hussein chalayan and the current state of fashion

“If you just repeat somebody else’s archive—be a stylist!” We speak to the visionary designer about the industry and his role as teacher to the next generation.

by Alexandra Bondi de Antoni
21 June 2016, 2:15am

Hussein Chalayan is a true multi-tasker. He is creative director at his eponymous label, designs ready-to-wear at Vionnet, creates costumes for the stage and high-profile musicians and is also a dedicated professor at Vienna's Universität für Angewandte Künste. He is an innovator who continues to wow the fashion industry while questioning its role and pushing its boundaries. Last week Hussein was in Berlin for the premier of Mozart's The Abduction from the Seraglio at the Deutsche Opera Berlin, for which he designed the costumes - simply one of his many side projects. Sitting across from the two-time British Fashion Award winner and OBE makes you realise that time is a precious thing and that's exactly what he wants his students to understand. Hussein Chalayan is a true pro; always respectful, goal-oriented, fast and polite. His students consistently remark that, despite his schedule, it's clear he truly values them and their work.

As the last preparations of Vienna's fashion class presentation were being finalised, we sat down with Hussein Chalayan over coffee to discuss everything, from the current state of fashion to Vetements and how he plans to prepare his students for the ever faster fashion cycle. 

To start with I would be really interested to know what the key memories of your student life are? Is there anything that you bring from that time into your teaching now?
From my student years at St. Martin's I have many memories, it was definitely a life changing experience for me. I was at St. Martin's when it was not that wealthy. There were only thirteen of us in a class and now it's probably thirty people per class. It was a very different era—we were in the centre of London, it was the late eighties. There was not much money around, but a lot of creativity. Going to St. Martin's for me was actually going to an art school where fashion happened to be a department. I find the school I teach at now, Die Angewandte, quite similar to the old St. Martin's. We are engaging with others for instance with photography, with multimedia, with architecture. We are constantly collaborating. I feel like there are similarities because right now St. Martin's is becoming a really big institution with many students and it's in a way much wealthier and still very creative, but I feel that the energy that existed when we were there is not the same anymore.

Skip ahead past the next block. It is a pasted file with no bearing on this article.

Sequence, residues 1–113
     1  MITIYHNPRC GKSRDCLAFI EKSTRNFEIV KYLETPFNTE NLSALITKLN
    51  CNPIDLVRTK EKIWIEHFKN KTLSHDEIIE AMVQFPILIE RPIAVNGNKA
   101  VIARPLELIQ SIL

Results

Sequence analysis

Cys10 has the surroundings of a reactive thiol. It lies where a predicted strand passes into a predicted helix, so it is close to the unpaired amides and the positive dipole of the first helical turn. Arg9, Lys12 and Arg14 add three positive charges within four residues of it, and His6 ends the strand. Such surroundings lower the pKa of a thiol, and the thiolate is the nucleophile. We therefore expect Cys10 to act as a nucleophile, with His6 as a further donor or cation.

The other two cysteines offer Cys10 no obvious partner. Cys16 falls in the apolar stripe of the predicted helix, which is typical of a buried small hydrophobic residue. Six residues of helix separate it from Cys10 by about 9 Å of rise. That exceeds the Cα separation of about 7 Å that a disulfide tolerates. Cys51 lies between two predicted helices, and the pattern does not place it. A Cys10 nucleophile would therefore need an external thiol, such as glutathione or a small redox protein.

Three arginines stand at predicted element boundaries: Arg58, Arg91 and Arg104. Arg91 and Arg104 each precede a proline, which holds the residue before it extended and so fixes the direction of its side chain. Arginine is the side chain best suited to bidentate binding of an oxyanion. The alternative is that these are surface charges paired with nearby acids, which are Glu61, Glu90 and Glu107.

Because these days it's more about money?
The students themselves are given too much money by their parents and they are getting complacent. Also too many students are being accepted. Obviously there are some that are hard working, it's definitely a mixture, but I feel in the early nineties there was much more problem solving going on. The fashion itself, as an industry—every idea that you see has been done before, it's just the way it's being put together and the way the differences are being mixed. I almost think that we are judging curatorial power these days rather than an inventive approach. Generally fashion is sort of problematic right now.

How do you feel the fashion culture is changing? Does that influence the way you work? Labels like Vetements are brands that seem to be about a collective or scene, not just the design.
Labels like Vetements should exist. But they are reissuing Margiela's archives and I'm not sure if they are adding enough of their comment to it. There is nothing wrong with covering the past, it's natural. There is a nostalgia for the past therefore I think people like Vetements make sense. I like it but I feel that they should push themselves a little bit more in an individual way because it's too similar to the Margiela archive in my opinion.

This is how everything is going these days, isn't it? When you look around, there is so much repeating going on, less commenting.
The role of a designer is to add ingredients that have novelty or that have something else — like cult shape, silhouette, colour, texture—all these things have a point of view and hopefully they push boundaries. If they don't push boundaries, hopefully they have a character. If you want to just repeat somebody else's archive—be a stylist. There's nothing wrong with that.

How do you teach your students to do something different?
I would want my students to push boundaries and add a comment to existing things. This is often combined with their cultural background or popular culture and how they look at it. How they are following music; fashion and music have a big connection. It's how they look at the art world. It has to do with if they are musical, or if they are into food, or travelling and so on. It really affects the way they look at their work. The easiest way of doing this is to broaden your horizon. If you are a fashion student don't only look at fashion to be inspired. Look at things that aren't in your comfort zone.

But isn't it what everyone is doing anyway by looking at social media, Instagram, etc. There is so much out there …
The young generation is already oversaturated with data because we are in a digital era. I have watched the non-digital era and how it became digital. It's about how you use it. You can use it in a very inventive way, as a means to stay in touch or to share ideas. I think it's incredible. But you can also get lost in the data. It's about how far you go. At the same time, it means you don't miss things; you don't have time to miss things. I think the idea of missing something allows you to appreciate things more when you get them. I'm not sure how well things are learned because of digital media and it's not old-fashion to say that. It's bouncing backwards. Everything in life is about how well we do things.